Feeds

Paranoid Pentagon plans for possible Y2K sneak attack

Watch out for countries with old, computer-free tanks...

  • alert
  • submit to reddit

Internet Security Threat Report 2014

Pentagon planners clearly have time on their hands, as well as their minds. A Defense Department planning memo sent from the Joint Chiefs of Staff last week deals with the possibility of a sneak attack on the US being made under cover of Y2K chaos. The memo apparently went out to US commanders throughout the world, and lists all sorts of things that are likely to make the local US peace-keeping forces twitchy come 31st December. The highest alert level, Y2K Posture Level One, anticipates widespread Y2K-related failures and the civilian authorities asking for military help. So careful about asking GIs for the time - you could get martial law. The document anticipates the possibility of "information operations attacks," i.e. hacking of the US infrastructure by enemy forces and agents, and "opportunistic engagements," meaning surprise attacks coinciding with Y2K problems. The US defence secretary will apparently be deciding on the appropriate alert level for the military towards the end of the year. If it's level one, and the news leaks out (watch out for troop movements in key strategic areas, such as Wall Street) then the Dow Jones will no doubt go through the floor. But will the Russians invade? In the Pentagon's tortured logic, the US is likely to be disadvantaged in the event of a Y2K meltdown because of its heavy reliance on computers. Tech-starved rivals, on the other hand, will presumably be better positioned. So when the PC clocks in Moscow wind back to 1900, the Tsarist armies will begin to roll and the Imperial High Seas Fleet will cast off in the direction of the Eastern United States. Register factoid: Last time this happened the fleet was headed for Japan, but got so confused it accidentally shelled Lowestoft (Eastern UK) on the way. ®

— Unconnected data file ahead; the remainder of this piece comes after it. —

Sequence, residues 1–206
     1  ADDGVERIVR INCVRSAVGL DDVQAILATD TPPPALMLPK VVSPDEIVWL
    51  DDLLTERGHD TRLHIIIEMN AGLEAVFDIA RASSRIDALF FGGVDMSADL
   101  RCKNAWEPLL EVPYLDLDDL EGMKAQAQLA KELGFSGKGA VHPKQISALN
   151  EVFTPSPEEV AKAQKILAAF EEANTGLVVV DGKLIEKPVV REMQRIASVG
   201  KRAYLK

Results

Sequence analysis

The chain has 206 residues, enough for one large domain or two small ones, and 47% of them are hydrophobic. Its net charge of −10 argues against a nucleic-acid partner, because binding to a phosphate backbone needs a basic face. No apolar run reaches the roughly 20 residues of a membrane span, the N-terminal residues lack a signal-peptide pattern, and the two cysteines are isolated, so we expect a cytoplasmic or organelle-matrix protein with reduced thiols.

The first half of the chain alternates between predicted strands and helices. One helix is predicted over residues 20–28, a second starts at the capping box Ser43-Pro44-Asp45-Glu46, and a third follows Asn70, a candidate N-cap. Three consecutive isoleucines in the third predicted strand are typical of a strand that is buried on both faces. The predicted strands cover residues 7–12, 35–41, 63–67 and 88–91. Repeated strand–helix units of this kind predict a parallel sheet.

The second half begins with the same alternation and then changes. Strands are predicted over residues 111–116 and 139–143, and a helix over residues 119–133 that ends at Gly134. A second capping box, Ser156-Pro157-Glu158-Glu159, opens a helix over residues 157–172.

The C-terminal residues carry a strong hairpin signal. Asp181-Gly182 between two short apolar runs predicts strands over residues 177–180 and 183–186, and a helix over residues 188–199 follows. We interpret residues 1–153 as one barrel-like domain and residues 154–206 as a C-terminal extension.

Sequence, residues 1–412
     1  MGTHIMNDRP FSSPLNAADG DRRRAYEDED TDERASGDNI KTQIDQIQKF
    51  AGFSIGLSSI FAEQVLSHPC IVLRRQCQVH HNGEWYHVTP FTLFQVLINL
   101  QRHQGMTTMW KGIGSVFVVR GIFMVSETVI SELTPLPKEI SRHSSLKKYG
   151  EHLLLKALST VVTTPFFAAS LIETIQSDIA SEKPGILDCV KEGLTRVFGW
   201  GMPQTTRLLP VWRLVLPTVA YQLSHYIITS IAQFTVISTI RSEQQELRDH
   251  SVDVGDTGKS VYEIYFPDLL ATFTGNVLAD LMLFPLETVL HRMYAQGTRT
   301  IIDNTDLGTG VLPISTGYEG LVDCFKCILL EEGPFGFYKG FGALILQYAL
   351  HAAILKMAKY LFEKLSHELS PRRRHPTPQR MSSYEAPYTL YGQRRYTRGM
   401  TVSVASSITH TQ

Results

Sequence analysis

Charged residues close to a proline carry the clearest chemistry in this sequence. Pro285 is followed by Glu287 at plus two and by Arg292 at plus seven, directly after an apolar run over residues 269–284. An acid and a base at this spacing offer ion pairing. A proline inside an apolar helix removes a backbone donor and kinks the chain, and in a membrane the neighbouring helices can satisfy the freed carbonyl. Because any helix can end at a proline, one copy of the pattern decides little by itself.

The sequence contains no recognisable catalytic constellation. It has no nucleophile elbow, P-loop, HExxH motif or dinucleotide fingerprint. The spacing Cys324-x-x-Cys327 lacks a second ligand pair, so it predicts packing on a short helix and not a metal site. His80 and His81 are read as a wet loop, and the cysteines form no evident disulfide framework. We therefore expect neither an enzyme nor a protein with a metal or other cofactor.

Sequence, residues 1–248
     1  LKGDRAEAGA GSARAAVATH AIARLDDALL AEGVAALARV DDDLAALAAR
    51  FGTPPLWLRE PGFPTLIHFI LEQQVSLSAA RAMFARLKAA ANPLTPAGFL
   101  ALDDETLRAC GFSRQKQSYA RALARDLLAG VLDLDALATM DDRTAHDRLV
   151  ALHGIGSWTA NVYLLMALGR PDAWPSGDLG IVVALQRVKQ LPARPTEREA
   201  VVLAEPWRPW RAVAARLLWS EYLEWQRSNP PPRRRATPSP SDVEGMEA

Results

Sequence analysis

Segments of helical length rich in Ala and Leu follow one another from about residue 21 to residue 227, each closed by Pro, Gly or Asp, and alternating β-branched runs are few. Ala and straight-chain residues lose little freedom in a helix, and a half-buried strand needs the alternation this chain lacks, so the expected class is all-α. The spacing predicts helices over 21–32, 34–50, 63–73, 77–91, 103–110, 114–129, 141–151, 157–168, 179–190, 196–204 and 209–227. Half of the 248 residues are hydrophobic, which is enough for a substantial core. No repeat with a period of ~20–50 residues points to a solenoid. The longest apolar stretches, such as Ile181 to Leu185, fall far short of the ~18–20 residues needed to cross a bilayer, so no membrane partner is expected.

Choosing a cloud hosting partner with confidence

More from The Register

next story
WHY did Sunday Mirror stoop to slurping selfies for smut sting?
Tabloid splashes, MP resigns - but there's a BIG copyright issue here
Spies, avert eyes! Tim Berners-Lee demands a UK digital bill of rights
Lobbies tetchy MPs 'to end indiscriminate online surveillance'
How the FLAC do I tell MP3s from lossless audio?
Can you hear the difference? Can anyone?
Google hits back at 'Dear Rupert' over search dominance claims
Choc Factory sniffs: 'We're not pirate-lovers - also, you publish The Sun'
Inequality increasing? BOLLOCKS! You heard me: 'Screw the 1%'
There's morality and then there's economics ...
While you queued for an iPhone 6, Apple's Cook sold shares worth $35m
Right before the stock took a 3.8% dive amid bent and broken mobe drama
prev story

Whitepapers

Providing a secure and efficient Helpdesk
A single remote control platform for user support is be key to providing an efficient helpdesk. Retain full control over the way in which screen and keystroke data is transmitted.
Intelligent flash storage arrays
Tegile Intelligent Storage Arrays with IntelliFlash helps IT boost storage utilization and effciency while delivering unmatched storage savings and performance.
Beginner's guide to SSL certificates
De-mystify the technology involved and give you the information you need to make the best decision when considering your online security options.
Security for virtualized datacentres
Legacy security solutions are inefficient due to the architectural differences between physical and virtual environments.
Secure remote control for conventional and virtual desktops
Balancing user privacy and privileged access, in accordance with compliance frameworks and legislation. Evaluating any potential remote control choice.